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January 24, 2017 | 5:30pm – 7:00pm | Cost: $25 to $30
This single-session class will take place at 5:30 p.m. on Tuesday, January 24. Join us as we explore how literature for young audiences evolved over the last 170 years and the ways in which illustration techniques adapted to capture those children’s imaginations.
Among the nearly 200,000 books in the Virginia Historical Society’s collections are dozens of children’s books beloved by young people in Virginia. This class will focus on the society’s exhibition Illustrated Treasures, which was designed as a complement to the Original Art exhibition loaned from the Society of Illustrators. During the program Caroline Legros will explore how literature for young audiences evolved over the last 170 years and the ways in which illustration techniques adapted to capture those children’s imaginations.
Caroline R. M. Legros is the School Program Coordinator at the VHS and the curator of the Illustrated Treasures exhibition.
February 2 & 9, 2017 | 5:30pm – 7:00pm | Cost: $50 to $65
This is a two-part class taught by Robert Dunkerly. Class one will take place on Thursday, February 2, and class two on Thursday, February 9. Learn about the many famous and lesser-known historic monuments that are scattered around Richmond.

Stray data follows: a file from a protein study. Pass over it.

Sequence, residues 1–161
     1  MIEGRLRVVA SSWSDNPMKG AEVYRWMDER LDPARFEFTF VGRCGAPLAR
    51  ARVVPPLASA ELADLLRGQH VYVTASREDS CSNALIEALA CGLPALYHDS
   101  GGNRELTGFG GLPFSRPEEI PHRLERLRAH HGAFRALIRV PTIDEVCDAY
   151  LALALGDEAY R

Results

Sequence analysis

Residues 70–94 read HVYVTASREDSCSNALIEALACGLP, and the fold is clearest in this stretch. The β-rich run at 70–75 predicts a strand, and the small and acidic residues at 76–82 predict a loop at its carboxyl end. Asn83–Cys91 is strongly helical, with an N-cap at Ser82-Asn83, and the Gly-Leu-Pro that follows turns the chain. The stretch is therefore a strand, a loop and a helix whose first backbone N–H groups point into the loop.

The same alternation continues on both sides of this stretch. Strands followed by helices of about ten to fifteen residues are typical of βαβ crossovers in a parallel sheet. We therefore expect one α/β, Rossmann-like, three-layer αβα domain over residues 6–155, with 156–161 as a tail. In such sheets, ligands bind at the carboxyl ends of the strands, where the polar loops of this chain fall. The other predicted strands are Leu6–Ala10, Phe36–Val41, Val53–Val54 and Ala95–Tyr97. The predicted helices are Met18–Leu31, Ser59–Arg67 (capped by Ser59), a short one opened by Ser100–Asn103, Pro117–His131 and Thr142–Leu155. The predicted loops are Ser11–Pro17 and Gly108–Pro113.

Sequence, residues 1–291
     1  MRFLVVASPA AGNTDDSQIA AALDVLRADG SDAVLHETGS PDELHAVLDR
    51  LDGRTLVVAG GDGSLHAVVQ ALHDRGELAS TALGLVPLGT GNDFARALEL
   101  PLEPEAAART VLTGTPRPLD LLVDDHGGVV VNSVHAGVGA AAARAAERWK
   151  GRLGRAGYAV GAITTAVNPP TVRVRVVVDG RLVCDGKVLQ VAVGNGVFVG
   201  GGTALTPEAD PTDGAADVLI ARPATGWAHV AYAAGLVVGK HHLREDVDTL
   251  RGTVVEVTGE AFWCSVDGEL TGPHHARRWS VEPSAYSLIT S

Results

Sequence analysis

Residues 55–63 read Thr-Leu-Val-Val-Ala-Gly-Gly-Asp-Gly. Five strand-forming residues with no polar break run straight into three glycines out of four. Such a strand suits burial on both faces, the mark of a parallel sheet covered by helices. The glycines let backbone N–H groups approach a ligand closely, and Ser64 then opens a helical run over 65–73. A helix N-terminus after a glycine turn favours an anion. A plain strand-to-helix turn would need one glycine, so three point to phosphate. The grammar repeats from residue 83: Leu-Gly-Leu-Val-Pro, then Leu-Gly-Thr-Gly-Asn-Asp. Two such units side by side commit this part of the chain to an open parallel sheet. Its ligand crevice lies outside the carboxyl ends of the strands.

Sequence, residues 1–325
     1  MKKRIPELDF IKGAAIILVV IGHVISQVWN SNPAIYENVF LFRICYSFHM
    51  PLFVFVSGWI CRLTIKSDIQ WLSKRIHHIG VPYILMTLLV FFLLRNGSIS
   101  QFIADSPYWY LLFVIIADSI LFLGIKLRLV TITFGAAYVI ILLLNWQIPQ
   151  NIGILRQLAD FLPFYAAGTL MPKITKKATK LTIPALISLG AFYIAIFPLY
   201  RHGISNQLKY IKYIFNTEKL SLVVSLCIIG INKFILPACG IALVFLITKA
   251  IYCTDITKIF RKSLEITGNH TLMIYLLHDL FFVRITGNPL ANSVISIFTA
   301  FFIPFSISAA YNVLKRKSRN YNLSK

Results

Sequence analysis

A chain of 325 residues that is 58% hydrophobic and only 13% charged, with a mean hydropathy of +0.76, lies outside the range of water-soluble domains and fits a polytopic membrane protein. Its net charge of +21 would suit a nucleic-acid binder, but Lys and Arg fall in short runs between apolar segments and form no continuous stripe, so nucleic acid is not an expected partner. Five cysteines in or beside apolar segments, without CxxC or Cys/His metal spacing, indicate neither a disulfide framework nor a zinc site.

Richmond is known for its monuments, but if you think only of Monument Avenue, you're missing out! There are dozens of historic monuments, large and small, scattered around the city. This course will explore famous and lesser-known memorials. We will delve into the story behind the placement of each, and examine their architecture and symbolism.
Robert Dunkerly, a park ranger at Richmond National Battlefield Park, has written widely on military history, including books on the American Revolution, and is active in historic preservation. He has taught several class at the VHS.
February 16, 2017 | 5:30pm – 7:00pm | Cost: $25 to $30
This single-session class will take place at 5:30 p.m. on Thursday, February 16. Join us as we explore through images and documents in the historical society’s collections the dramatic changes in Virginia throughout the twentieth century.
With the 20th century firmly in our rearview, we can now fully understand it as one of the greatest periods of change in human history. Virginia was at the center of many of these changes as political movements, world wars, and new technologies transformed the traditional order in the commonwealth. Photographs and manuscripts from the VHS collections, which give voice to the past, will be used to dive into such topics as urbanization, revolutions in transportation and communication, desegregation, and other variables that affected Virginia throughout the last century.
Chris Van Tassell is the program coordinator at the Virginia Historical Society.
February 23, 2017| 5:30pm – 7:00pm | Cost: $50 to $65
This is a two-part class taught by Dr. Bruce M. Venter. The first part will take place on Thursday, February 23, and the second on Thursday, March 2. Learn about the controversial Kilpatrick-Dahlgren Raid on Richmond in 1864.
The ostensible goal of the Kilpatrick-Dahlgren on Richmond in 1864 was to free 13,000 Union POWs, but sinister orders found the dead body of Col. Ulric Dahlgren pointed instead to a plot to assassinate Confederate president Jefferson Davis and set Richmond ablaze.
Based on Bruce Venter’s book, Kill Jeff Davis and presented during the month the raid occurred, this class will explore in depth this controversial Civil War event, including the political and military maneuvers that led up to the raid and the extraordinary personalities who participated in perhaps the most unique cavalry operation of the entire war.